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China in the Global Political Economy

From Developmental to Entrepreneurial

Gordon C.K. Cheung

Is the US losing its economic authority to China, whose global economic identity is being determined more by entrepreneurial spirit than developmental principle? Through the exercise of soft power and hard currency in some areas of the global economy, China has clear national interest in the protection of intellectual property rights, financial integration and sovereign wealth funds. China’s Belt and Road Initiative and the Asian Infrastructure Investment Bank will set new standard to global economic development.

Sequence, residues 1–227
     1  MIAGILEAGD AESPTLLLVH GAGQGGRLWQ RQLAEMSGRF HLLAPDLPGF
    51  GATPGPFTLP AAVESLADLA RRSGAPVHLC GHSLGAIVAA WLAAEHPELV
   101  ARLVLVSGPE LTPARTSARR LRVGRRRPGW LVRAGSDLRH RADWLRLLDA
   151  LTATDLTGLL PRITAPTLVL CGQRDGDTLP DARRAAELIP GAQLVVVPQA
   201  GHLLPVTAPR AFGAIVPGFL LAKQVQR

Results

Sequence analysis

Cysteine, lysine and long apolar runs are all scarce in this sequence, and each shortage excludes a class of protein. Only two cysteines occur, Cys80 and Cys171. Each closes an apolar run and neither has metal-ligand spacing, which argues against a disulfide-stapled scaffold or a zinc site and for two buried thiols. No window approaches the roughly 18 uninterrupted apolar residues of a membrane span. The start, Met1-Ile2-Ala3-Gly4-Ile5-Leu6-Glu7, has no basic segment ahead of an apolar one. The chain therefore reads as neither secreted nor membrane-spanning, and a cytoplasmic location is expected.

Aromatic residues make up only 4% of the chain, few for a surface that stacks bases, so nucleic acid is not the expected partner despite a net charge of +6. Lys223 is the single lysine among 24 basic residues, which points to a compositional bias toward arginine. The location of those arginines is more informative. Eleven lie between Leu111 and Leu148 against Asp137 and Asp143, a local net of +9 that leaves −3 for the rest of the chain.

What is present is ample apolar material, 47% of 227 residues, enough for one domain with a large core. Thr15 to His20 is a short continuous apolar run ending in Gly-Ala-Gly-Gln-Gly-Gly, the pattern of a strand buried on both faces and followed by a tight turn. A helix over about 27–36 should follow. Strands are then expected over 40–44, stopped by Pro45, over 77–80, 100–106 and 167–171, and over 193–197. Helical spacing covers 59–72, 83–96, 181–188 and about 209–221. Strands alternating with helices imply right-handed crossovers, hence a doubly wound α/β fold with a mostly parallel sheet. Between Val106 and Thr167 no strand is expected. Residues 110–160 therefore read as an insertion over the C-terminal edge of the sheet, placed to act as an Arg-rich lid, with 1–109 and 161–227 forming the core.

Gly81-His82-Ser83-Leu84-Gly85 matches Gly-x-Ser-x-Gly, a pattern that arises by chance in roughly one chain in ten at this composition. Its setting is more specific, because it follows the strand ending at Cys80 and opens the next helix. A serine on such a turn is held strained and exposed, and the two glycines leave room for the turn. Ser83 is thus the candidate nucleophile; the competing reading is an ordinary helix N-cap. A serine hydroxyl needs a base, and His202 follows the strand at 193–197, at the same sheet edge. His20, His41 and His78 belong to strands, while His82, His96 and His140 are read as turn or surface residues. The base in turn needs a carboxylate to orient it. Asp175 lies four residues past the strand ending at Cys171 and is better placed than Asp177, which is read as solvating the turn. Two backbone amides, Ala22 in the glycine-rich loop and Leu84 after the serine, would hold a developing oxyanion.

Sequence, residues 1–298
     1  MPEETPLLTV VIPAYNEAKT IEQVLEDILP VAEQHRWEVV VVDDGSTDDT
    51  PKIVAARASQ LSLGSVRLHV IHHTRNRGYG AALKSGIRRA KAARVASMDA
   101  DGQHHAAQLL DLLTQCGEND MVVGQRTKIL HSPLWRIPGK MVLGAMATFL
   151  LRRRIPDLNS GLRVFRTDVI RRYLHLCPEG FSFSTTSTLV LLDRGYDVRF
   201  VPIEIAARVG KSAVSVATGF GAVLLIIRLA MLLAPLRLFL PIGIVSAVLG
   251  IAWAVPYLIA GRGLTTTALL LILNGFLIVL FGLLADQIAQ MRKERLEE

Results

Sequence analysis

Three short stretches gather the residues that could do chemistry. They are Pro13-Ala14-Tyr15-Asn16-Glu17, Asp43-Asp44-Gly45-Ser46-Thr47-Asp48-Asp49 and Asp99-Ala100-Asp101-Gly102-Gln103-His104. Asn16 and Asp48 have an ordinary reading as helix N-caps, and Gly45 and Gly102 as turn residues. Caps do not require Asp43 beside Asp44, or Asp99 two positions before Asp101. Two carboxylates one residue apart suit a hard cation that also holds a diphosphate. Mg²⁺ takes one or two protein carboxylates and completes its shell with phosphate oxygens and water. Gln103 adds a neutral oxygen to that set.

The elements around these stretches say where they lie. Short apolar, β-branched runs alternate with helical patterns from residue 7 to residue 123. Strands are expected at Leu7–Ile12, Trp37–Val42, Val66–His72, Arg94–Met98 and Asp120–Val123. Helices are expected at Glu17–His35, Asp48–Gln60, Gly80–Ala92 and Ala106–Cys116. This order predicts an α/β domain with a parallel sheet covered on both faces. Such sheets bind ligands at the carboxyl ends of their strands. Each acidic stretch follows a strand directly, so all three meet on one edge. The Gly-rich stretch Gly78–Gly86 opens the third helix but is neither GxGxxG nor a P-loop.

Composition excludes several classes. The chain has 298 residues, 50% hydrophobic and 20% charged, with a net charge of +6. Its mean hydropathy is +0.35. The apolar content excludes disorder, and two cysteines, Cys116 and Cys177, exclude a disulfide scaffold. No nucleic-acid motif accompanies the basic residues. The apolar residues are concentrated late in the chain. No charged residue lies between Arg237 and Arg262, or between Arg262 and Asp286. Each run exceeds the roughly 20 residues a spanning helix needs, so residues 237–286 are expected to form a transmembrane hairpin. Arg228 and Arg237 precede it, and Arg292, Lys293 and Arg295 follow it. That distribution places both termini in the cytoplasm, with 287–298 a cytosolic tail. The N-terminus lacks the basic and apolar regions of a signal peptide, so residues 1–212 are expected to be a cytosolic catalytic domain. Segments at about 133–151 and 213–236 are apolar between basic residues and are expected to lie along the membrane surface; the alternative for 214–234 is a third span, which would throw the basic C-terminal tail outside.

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Chapter 3: From peaceful rise to soft power: the manufacturing of attractiveness

Gordon C.K. Cheung


The theoretical notion of hegemonic stability needs substantial improvement given that the current hegemon – the US – is increasingly less able to facilitate many functions that were taken for granted for decades. With the approach of a more interdependent and diversified global environment, international affairs are perhaps less suitable to be carried out by a single dominant power. The peaceful rise of China within the arena of foreign policy culminated with the unique nature of Chinese economic and social changes. However, these factors do not necessarily coincide with the established power relations in the East Asian region. China’s cultural past therefore has become more useful and increasingly will be exploited more extensively, as long as it fits the political dynamics and economic changes in East Asia.

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